The corpus is meant to be used as a tool, that students may themselves build their knowledge base, through access to authentic language use, only now accompanied by convenient translation into a known language. For example, while it is possible to infer from a small selection of occurrences of French toujours pas and pas toujours in context, together with their translations, that the former means still not/not yet whereas the latter means not always, to work this out without a translation represents a much greater challenge (Kenning 2010).
Finally, as this “data-driven learning” (DDL) approach has not been widely taken up in traditional teaching contexts, partly because it is thought to require substantial resources and considerable investment on the part of the teachers, as well as being appropriate only for the most advanced learners following specific training (Landure & Boulton, 2010), our vision is that both the resources for processing language and the data to be processed will be made available in usable formats for teachers and learners.
2.3 Description of the Source Corpus
The Source corpus is an electronic, online tool, to be used as a pedagogical tool. The translation outputs included are of high quality, based on human understanding of textual relations, which is not the case for machine translation (yet), despite the fact that students tend to rely more and more on it.
The user has the ability to choose between seeing the translated texts displayed in full sentences or in their context, as key words in context (KWIC). This was considered to be necessary, since, according to Danielsson & Mahlberg (2010) “while a text is normally read horizontally, it is one of the features of a concordance that it needs to be read vertically (Tognini-Bonelli 2001: 3). Thus, the fact that concordance lines are generally not displayed as full sentences is not purely a technical matter. Full sentences might encourage students to focus too much on each line and overlook the patterns that only become evident in relation to the other concordance lines. Sentence segments focus the view on the more general patterns and the possibilities of sorting on the surrounding words”.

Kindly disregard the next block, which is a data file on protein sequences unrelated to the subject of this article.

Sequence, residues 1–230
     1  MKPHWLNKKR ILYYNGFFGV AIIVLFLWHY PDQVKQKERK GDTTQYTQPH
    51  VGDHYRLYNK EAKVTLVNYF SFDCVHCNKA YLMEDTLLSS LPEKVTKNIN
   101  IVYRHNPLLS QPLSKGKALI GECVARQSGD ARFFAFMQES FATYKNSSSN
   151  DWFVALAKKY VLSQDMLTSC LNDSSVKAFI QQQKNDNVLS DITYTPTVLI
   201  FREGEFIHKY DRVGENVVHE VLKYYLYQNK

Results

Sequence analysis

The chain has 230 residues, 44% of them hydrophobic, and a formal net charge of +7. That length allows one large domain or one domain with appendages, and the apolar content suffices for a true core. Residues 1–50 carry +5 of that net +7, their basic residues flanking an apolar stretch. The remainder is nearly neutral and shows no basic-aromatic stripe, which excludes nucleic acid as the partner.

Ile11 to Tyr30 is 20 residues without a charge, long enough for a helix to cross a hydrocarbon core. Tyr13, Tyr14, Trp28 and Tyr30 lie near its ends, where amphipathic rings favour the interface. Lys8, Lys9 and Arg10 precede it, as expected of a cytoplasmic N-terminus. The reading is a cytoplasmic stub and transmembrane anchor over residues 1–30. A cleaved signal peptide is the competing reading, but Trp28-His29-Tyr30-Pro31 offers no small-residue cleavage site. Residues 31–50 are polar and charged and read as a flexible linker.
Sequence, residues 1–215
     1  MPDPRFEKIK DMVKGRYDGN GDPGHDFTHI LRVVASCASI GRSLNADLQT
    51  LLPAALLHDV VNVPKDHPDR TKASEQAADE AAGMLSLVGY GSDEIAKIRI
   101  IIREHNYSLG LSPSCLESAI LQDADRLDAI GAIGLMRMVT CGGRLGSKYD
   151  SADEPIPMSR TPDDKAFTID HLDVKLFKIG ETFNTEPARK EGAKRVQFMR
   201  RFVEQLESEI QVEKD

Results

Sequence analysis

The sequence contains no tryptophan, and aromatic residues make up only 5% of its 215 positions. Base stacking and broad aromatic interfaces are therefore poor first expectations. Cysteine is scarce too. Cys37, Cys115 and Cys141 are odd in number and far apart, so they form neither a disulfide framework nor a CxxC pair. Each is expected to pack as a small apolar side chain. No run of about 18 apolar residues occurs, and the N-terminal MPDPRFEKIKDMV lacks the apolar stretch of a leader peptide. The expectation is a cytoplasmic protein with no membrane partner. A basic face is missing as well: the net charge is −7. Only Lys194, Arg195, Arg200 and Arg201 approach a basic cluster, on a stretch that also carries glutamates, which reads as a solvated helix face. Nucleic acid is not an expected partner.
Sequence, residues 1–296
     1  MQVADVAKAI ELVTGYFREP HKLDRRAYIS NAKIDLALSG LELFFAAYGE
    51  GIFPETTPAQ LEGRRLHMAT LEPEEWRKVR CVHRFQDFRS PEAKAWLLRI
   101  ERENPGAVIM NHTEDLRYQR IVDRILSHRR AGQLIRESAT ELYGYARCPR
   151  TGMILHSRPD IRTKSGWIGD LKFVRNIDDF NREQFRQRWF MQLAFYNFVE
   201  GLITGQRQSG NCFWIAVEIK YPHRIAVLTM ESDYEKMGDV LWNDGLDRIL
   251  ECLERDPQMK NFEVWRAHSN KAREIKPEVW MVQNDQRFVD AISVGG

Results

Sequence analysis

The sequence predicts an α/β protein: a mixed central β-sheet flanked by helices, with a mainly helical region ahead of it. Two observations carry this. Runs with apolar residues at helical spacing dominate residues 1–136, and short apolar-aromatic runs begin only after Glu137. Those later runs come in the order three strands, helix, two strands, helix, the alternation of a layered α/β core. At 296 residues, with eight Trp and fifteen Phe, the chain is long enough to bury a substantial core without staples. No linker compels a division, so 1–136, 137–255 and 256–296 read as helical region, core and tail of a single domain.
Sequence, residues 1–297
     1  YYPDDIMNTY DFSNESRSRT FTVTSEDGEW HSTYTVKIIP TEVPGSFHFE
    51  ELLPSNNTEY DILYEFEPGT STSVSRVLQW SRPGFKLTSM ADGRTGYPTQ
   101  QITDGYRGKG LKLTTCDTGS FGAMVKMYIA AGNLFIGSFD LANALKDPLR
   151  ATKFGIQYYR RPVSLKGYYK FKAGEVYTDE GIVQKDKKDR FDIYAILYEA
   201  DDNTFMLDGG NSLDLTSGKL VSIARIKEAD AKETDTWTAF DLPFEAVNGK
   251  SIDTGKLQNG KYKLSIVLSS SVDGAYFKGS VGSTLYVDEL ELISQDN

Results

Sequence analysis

Figure 1. Full sentence display
Figure 2. Keywords in Context display
Queries are based not only on words, but also on linguistic annotation. The texts are part-of-speech tagged, so that the learner can perform queries based on part of speech and not only on words or phrases. For a start, a user can make a query for all adverbs by inserting the acronym ADV in the search box.
The first version of Source Corpus will comprise of 1,000,000 words, but it will continue growing. It is a diachronic corpus, as the time period covers at least six centuries, from the 15th to 21st century. The texts are copyright free texts, parallel, for the moment in French and Greek language.
The texts under study are instances of different domain-specific registers. A variety of language according to use is acknowledged in Systemic Functional Linguistics as being a register. Usually, parallel corpora are not register-diversified; nevertheless, our objective is to include at least five different registers (Biber, 1993), so that students may compare the results and the use of each word or phrase in different contexts (e.g., literature, scientific, official, technical and journalistic language). Therefore, we will include parts of commonly used parallel corpora like EUROPARL (Koehn, 2005), the JRC Acquis corpus (Steinberger et al., 2006) and other corpora from the Opus open parallel corpus (Tiedemann, 2012). The first release (scheduled before the end of 2012) will include also literary works available by Project Gutenberg. In general, the corpus comprises of a fiction and a non-fiction part.
2.4 Collection of texts
In accordance to design principles and committed to the notion of open source tools and resources, we started searching for copyright free texts, in order to avoid or reduce risks incurred in possible violations of intellectual property rights (IPR) or basic ethical rules.